Trash was on the mind of the Naperville City Council this week when members voted to levy a $2 garbage collection fee to help close the budget gap. With the Council exploring new revenue sources, this was one of three changes the Council approved. Members also voted on Monday to add two cents to the city’s motor fuel tax and take a quarter of the food and beverage tax and apply it to the general fund. That money used to be diverted to Naperville’s Cultural Fund.
But the refuse fee affects a certain segment of Naperville residents—condo owners. About 90% of the city’s condos already receive private garbage pickup. But ten percent of condo owners, or around 1600 units, had received city garbage pickup. That is set to change on May 1, when the city moves to a new fiscal year and, along with implementing the refuse fee, stops providing garbage collection service to these 1600 condos. For some condo owners, the cost-cutting maneuver does not add up.
Boris Sifuentes is the treasurer of the Harbor Cove Condominium Association, and his unit is one of 24 in the Harbor Cove Complex on the south side of the city. For him, negotiating a refuse contract directly with sanitation companies is too expensive of an option.
“I don’t see the rationale behind it,” said Sifuentes. “We’d rather just pay the $2 fee like everybody else and be done with it.”
Condos like the ones at Harbor Cove have been receiving city trash service for the last 15-20 years under the current refuse contract. For Public Works, which handles the city’s sanitation contracts, those condos should not have been receiving city service in the first place.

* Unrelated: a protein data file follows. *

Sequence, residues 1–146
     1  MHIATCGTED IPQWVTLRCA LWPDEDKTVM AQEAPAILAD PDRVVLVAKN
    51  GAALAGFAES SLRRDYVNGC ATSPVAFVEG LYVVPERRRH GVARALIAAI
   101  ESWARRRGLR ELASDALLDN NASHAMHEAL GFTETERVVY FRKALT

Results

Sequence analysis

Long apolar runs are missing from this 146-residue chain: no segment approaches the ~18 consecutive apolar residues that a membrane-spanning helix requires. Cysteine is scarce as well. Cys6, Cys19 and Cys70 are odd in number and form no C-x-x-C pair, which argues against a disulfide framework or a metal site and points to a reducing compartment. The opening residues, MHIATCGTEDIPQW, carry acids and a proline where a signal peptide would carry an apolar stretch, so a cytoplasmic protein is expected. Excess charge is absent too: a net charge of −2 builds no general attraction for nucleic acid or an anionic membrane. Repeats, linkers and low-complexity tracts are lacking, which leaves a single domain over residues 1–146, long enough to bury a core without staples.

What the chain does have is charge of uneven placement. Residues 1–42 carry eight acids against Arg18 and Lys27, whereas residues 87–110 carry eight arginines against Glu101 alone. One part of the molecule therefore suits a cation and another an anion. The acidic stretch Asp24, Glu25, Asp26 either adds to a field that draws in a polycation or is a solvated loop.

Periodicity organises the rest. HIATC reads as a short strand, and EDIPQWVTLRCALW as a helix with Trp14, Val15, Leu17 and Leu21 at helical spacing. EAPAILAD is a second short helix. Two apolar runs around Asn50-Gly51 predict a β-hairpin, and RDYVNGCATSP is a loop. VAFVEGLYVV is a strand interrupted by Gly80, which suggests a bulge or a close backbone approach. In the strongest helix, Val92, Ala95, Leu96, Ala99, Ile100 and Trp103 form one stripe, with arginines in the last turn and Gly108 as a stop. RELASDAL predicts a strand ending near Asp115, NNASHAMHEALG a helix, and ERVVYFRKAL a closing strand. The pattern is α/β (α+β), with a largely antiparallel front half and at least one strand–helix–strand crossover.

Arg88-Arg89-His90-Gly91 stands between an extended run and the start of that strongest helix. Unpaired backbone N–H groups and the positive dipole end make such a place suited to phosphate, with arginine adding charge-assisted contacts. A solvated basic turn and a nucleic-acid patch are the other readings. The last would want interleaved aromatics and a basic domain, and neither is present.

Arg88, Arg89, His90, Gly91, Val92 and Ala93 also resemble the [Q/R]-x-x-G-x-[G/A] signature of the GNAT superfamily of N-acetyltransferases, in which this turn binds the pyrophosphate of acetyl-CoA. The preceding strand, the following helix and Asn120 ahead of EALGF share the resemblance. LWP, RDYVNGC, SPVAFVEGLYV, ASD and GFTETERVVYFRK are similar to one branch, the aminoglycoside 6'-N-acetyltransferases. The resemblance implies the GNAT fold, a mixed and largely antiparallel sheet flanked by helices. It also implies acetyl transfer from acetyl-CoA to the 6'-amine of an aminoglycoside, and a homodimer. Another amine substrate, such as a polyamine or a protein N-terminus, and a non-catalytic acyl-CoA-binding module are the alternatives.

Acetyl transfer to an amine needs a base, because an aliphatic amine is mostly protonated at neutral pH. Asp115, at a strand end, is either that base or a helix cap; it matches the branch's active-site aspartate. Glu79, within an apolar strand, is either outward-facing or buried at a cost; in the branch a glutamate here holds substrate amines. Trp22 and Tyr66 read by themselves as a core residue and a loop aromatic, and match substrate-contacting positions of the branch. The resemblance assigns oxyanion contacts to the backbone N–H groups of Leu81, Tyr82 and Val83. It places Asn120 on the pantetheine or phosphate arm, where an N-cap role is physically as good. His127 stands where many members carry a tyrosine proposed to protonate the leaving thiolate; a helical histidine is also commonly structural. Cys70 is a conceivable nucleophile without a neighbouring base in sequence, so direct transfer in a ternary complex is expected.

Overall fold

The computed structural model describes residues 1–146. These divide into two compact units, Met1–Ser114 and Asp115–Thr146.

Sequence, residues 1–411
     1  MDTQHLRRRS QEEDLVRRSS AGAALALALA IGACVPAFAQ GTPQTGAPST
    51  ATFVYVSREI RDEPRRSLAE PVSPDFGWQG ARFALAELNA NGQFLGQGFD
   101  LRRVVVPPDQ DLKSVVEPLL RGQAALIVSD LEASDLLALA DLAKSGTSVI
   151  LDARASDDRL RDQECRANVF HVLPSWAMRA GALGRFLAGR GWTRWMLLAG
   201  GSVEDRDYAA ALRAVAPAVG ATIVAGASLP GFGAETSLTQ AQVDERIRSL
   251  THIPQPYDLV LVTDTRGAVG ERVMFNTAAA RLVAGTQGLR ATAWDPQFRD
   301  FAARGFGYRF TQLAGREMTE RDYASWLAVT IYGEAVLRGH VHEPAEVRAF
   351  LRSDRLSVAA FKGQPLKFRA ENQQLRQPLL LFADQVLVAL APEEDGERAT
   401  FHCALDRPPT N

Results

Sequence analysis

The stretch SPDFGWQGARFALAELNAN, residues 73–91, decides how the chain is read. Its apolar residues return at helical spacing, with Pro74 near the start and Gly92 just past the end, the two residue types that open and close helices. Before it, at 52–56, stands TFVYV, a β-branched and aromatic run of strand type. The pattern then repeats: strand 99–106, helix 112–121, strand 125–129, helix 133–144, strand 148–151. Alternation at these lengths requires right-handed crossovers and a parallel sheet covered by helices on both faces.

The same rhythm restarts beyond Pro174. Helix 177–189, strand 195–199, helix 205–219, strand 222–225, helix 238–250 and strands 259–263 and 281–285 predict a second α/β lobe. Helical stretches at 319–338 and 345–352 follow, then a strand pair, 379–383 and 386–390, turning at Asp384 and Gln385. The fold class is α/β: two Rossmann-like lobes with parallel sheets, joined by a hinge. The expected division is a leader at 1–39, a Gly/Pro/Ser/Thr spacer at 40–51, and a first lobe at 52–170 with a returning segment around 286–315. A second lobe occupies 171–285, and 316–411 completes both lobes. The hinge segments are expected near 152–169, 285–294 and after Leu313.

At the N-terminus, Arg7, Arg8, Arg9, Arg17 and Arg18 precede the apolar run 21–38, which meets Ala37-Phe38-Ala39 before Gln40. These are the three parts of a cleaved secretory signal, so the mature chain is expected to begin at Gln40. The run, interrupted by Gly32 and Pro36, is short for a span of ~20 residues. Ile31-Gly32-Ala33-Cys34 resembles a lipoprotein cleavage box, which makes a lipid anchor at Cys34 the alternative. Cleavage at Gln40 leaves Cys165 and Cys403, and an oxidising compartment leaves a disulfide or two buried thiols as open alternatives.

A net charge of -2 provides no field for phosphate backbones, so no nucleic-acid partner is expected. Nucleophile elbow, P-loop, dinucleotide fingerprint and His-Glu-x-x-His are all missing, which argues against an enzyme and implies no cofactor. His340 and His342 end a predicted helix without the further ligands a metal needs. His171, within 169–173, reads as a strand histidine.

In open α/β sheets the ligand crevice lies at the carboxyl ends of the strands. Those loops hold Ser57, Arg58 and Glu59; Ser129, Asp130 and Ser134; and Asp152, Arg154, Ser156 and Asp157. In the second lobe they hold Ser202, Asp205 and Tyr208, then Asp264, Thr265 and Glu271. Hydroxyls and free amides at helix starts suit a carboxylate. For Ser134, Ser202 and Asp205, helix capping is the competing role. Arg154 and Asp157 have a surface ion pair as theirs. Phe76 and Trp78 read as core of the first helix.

“During that process of reviewing our contracts, we noticed that this group of 15 or 16 developments have been listed as exceptions to the rule for at least 15 to 20 years,” said Dave Van Vooren, Naperville’s Director of Public Works. “I don’t know why they were included.”
Either way, with Naperville trimming down what started out as a $14 million budget crunch and the current refuse contract expiring, the choice to stop service has been made. But Councilman Robert Fieseler feels for the condo owners.
“I think I’ve got to work toward solving that inequity,” said Fieseler.
Even with that, Sifuentes says he and his neighbors will still feel the inequity this spring, in their wallets.
“I’m very, very sure we’re (going to) be getting charged more than $2 and whatever the fee is that everyone else is getting charged for services from the city,” said Sifuentes.
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